WIKWEMIKONG—The Wikwemikong Nursing Home has become the first band organization to train its staff in the use of peritoneal dialysis, opening doors for people who would normally have to travel or move to Sudbury or another larger urban centre if they become too incapacitated to continue to operate the equipment at home.
“Some people, for health reasons, can’t continue to do it at home,” noted Kim Genereux, Noojmowin Teg Aging at Home navigator. “In the past, people would have to leave their community. This is really a big step forward and will help pave the way for other health organizations.”
“We have trained half our nursing staff today,” said Sarah Loven-Lacasse, director of care at the Wikwemikong Nursing Home. “We will be training two more and then we will have the ability.”
Ms. Loven-Lacasse pointed out that there is a very high incidence of diabetes in First Nations communities. “We can now take in patients that have the peritoneal dialysis equipment,” she said.
The two-day training course for registered nurses is the first step, with the RNs and RPNs at the nursing home gaining the training. Personal support workers can also receive the training.
Before dialysis, total kidney failure that can result from diabetes was an eventual death sentence. Dialysis is a way of cleaning the blood in your body when your kidneys are no longer up to the job. Dialysis gets rid of the body’s wastes, extra salt and water, and helps to control blood pressure. The other option is a kidney transplant, often not an option for older diabetics.
There are two kinds of dialysis. In hemodialysis, blood is pumped out of your body to an artificial kidney machine, and returned to your body by tubes that connect you to the machine. Health Science North conducts that type of dialysis at the Manitoulin Health Centre.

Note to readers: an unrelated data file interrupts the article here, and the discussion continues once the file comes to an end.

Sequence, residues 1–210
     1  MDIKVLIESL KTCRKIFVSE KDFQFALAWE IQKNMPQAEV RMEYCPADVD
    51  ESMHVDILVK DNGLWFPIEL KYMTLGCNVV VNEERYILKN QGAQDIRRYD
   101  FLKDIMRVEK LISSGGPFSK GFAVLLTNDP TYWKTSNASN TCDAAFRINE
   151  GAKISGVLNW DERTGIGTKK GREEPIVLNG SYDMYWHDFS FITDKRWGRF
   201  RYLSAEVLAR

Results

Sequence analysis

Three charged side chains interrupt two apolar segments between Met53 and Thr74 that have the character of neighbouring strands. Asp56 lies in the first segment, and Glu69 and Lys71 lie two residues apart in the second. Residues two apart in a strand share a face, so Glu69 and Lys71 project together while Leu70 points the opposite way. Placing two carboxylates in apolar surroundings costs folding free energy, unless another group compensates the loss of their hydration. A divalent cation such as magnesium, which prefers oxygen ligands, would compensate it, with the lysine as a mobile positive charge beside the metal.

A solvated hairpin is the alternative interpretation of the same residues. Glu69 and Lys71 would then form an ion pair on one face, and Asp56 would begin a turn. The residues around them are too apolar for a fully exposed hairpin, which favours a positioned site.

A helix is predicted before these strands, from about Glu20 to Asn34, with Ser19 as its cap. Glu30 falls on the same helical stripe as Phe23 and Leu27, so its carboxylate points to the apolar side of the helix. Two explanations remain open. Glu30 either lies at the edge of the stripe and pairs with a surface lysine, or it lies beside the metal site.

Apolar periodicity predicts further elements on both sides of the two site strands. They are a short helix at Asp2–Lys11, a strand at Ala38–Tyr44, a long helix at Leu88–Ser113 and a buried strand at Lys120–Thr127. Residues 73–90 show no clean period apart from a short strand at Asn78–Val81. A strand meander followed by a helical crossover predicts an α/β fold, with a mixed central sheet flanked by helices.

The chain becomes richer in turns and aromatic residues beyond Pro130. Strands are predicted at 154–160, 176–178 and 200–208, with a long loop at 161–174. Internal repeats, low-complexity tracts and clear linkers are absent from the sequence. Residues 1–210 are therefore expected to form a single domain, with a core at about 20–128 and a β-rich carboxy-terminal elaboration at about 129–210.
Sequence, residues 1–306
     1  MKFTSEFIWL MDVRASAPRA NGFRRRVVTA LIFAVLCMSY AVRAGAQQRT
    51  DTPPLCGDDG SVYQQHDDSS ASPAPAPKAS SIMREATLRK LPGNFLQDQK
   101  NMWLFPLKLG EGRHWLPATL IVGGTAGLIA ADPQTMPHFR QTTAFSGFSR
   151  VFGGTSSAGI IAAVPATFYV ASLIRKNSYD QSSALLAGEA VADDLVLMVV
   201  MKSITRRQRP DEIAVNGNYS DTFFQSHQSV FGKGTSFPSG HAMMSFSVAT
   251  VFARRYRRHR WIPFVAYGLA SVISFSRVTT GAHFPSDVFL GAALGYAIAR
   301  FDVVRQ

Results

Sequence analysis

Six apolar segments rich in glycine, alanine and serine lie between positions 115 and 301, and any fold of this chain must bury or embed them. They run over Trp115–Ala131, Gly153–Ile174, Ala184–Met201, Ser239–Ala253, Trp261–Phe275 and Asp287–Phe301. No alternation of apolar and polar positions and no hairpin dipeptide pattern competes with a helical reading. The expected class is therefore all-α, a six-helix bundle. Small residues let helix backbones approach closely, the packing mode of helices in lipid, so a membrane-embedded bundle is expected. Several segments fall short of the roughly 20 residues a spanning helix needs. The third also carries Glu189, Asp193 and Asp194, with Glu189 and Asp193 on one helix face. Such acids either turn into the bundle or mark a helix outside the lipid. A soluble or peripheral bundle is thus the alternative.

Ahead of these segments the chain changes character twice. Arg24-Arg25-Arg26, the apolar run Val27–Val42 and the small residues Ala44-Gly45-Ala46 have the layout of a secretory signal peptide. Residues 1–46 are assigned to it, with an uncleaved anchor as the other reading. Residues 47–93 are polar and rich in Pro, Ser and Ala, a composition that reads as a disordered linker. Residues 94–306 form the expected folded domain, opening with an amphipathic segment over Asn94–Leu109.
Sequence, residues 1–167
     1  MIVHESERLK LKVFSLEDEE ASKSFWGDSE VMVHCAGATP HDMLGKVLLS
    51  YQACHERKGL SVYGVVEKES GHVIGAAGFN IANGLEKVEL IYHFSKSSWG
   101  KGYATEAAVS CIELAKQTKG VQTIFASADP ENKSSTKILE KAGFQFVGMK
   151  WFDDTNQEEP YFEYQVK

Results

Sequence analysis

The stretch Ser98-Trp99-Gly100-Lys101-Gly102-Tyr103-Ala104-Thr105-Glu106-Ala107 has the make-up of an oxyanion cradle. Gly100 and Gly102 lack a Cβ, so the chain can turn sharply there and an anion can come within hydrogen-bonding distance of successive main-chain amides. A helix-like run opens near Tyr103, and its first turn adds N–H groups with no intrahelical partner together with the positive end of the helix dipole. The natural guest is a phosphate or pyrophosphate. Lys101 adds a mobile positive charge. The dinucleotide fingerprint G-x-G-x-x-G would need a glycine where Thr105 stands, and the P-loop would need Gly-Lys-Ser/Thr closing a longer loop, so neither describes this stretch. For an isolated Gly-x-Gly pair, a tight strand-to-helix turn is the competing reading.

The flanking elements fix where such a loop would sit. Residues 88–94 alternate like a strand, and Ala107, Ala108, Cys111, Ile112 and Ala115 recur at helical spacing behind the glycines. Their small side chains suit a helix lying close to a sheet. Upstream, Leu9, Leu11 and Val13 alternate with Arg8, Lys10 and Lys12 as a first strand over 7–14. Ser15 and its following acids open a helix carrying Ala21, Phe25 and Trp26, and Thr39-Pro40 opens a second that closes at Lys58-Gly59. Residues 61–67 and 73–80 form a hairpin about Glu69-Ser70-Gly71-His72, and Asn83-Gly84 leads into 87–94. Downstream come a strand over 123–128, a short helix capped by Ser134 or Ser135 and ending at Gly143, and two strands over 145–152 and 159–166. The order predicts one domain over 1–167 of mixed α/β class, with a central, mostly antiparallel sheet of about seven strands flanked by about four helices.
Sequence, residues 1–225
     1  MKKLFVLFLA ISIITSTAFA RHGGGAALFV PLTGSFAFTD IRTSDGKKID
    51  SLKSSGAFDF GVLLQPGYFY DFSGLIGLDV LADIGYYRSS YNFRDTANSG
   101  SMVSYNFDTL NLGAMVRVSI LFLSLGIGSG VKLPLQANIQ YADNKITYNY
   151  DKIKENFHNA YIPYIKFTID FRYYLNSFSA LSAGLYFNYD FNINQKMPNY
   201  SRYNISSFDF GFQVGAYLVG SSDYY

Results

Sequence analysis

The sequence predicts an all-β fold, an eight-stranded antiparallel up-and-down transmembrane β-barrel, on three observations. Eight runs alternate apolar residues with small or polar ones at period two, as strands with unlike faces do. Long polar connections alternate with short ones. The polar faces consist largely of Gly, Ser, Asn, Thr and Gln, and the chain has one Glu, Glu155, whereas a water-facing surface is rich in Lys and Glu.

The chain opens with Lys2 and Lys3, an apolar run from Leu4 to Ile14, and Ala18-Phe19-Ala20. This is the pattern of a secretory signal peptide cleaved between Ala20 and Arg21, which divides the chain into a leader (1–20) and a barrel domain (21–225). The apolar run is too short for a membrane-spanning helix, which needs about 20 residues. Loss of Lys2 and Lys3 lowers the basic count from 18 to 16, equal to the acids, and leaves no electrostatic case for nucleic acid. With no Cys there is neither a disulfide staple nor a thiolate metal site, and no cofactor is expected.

In peritoneal dialysis, the inside lining of your own belly acts as a natural filter. Wastes are removed by means of a cleansing fluid called dialysate, which is washed in and out of the belly in cycles.
In peritoneal dialysis, a soft plastic tube (catheter) is placed in the belly by surgery, then a sterile cleansing fluid is put into the belly through this catheter. After the filtering process is finished, the fluid leaves your body through the catheter.
There are two types of peritoneal dialysis, continuous ambulatory dialysis (CAPD) where the fluid is machine free, where two litres of cleansing fluid is pumped into the belly and later drained, and automated peritoneal dialysis (APD) which utilizes a machine.
In APD a machine called a cycler delivers and then drains the cleansing fluid. The treatment usually is done at night while the patient sleeps.
“We really want to thank Kim Genereaux, the aging at home navigator at Noojmowin Teg Health Centre, for her support,” said Ms. Loven-Lacasse. “I know she has worked tirelessly to help make this project happen.
That work involved numerous meetings with Health Sciences North Nepherology and the Wikwemikong Nursing Home. Without the trained staff at the Wikwemikong Nursing Home, members of the Wikwemikong (and greater Manitoulin Island) community would have no other real option than to move to a larger community like Sudbury.